The fact that women are able to give birth and bring tiny humans into the world is a beautiful, amazing phenomena. However, I think the actual act of giving birth is not-so beautiful. I think giving birth is pretty gross. And I say this as someone who's given birth twice via c-section. I've tried so hard to see what other people see when they're describing birth as "beautiful" and "brilliant." I understand how it can be life-changing, and I can understand how it might blow someone's mind to witness a birthing woman bring a child into the world, but giving birth also makes me cringe and, on a personal level, it doesn't fill me with any kind of wonder whatsoever.
I've seen a handful of births. Some I've photographed, others I've seen from videos friends have shared of their own births. When people point how perfect and beautiful the experience is, all I can focus on is the fact that that the floor, bed, tub — wherever they're giving birth — is now completely covered in blood and other fluids. I get frustrated when people talk about "natural" births because it's a term I think is polarizing and isolating. Often, I feel like, only "natural" births (unmedicated labor and delivery) are the only ones people can find "beautiful" and so "amazing," as if medical interventions and c-section deliveries are somehow "unnatural," and, by association, unappealing. I've struggled to understand how a baby covered in your body's fluids is a beautiful thing to behold. Perhaps the experience on its own is uplifting, because bringing life into the world is all kinds of magical, but even though I really only have my own experiences to go off of, I don't find labor and delivery all that appealing.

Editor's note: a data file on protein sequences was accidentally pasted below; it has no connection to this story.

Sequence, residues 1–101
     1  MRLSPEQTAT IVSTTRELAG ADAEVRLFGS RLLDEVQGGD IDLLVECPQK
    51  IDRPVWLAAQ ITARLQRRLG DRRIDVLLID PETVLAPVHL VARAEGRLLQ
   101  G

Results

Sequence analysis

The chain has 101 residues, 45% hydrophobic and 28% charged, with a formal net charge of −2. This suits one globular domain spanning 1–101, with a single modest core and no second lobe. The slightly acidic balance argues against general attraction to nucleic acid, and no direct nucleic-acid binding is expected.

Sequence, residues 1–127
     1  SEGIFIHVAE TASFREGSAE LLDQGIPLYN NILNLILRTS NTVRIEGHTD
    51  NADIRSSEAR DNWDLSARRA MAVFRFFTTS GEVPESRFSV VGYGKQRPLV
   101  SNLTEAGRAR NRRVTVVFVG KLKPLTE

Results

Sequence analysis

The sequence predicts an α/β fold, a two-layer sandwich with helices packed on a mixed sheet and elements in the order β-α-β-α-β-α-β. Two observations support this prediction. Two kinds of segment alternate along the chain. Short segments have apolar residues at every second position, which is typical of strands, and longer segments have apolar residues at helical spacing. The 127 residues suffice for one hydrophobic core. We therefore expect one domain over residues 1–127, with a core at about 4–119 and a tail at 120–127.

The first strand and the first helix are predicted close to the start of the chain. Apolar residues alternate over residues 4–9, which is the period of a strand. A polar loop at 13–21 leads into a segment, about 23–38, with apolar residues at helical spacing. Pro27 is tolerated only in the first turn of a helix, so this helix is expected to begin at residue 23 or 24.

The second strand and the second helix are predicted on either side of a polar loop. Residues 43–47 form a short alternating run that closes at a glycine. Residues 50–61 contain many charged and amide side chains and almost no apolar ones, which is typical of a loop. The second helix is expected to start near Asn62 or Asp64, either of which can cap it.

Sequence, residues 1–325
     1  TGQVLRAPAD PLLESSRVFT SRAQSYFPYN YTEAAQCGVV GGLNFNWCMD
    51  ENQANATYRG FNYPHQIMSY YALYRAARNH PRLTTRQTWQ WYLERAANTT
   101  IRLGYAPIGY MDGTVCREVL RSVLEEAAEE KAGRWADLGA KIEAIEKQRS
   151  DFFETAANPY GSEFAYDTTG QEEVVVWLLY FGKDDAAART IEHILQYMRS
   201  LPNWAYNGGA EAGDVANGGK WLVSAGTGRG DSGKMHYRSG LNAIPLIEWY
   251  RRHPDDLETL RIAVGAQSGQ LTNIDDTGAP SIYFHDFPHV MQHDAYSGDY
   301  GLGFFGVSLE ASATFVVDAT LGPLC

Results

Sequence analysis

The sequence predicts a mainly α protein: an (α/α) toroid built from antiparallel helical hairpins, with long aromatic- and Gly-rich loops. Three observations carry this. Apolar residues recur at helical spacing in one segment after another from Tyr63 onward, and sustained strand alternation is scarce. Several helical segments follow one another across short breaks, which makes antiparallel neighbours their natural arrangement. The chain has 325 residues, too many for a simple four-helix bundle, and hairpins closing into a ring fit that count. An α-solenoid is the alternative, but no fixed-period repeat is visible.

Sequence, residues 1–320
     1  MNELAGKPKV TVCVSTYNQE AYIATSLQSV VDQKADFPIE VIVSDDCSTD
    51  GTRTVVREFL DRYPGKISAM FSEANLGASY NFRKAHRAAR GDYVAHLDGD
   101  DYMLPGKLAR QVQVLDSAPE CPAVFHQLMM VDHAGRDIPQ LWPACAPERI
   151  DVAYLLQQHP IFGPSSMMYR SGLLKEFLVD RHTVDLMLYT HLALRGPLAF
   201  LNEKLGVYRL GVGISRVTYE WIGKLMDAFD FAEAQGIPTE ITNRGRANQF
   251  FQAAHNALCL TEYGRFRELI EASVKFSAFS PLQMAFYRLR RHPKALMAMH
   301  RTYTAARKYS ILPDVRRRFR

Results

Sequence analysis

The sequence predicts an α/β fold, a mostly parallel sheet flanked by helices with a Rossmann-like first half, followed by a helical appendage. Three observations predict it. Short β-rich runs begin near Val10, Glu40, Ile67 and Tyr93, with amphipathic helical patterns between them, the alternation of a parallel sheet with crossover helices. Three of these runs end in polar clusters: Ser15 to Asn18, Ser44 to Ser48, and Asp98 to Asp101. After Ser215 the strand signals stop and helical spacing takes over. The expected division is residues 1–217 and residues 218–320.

The first time I ever understood what it meant to give birth was after my cousin gave birth to her son. My mom had taken photos and for some reason thought that it was a good idea to show me and my younger sister, even though we were only 14 and 15 at the time. I saw all of the photos from the labor and delivery room, with all that blood coming out of my cousin. I couldn't un-see her face scrunched up in pain as beads of sweat poured down her head. My mom kept saying, "Isn't this amazing?!" and my sister and I looked at each other absolutely horrified. Giving birth looked nothing like we'd see it on TV and nothing like we'd imagined birth to be. So at 15, I made the decision to not have children. I'd spent my whole childhood planning my life out. But when I got home that day, I hid that notebook in the closet, swearing off children forever. There was no way I was ever going to purposefully put myself through the violent scene I'd just witnessed.
At one point my mom came to sit with me for awhile and asked me how I was doing. I begged her to take me home because I didn't want to be in the hospital anymore. I told her that I didn't think I could go through with this — that I could really, truly, actually birth a baby.